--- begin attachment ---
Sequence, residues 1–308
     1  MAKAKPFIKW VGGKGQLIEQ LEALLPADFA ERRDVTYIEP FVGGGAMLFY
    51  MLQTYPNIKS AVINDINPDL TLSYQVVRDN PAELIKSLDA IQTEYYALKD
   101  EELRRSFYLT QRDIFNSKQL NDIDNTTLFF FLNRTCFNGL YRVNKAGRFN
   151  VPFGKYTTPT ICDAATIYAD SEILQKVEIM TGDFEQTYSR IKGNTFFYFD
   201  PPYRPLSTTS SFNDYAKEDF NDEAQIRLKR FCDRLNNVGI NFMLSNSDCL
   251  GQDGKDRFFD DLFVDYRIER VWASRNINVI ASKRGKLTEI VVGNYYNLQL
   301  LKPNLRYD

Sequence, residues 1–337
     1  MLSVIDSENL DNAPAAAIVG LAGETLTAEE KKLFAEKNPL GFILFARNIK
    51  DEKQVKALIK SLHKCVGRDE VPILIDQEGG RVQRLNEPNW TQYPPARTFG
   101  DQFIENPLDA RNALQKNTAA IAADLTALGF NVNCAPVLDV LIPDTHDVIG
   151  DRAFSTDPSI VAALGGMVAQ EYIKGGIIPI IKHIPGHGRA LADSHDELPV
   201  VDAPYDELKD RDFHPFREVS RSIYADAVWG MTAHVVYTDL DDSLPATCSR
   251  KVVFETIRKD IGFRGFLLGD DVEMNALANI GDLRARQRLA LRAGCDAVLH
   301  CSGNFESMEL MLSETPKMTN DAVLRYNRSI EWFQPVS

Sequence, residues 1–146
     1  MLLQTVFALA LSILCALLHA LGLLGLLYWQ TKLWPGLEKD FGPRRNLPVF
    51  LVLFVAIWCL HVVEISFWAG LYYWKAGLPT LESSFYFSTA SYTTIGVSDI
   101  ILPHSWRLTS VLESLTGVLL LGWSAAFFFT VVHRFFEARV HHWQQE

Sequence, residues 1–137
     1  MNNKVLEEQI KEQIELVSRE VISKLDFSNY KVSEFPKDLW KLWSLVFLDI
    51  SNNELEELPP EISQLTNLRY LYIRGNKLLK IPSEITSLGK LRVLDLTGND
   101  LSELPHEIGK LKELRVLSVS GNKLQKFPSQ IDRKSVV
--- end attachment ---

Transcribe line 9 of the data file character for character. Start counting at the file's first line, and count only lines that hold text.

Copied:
Sequence, residues 1–337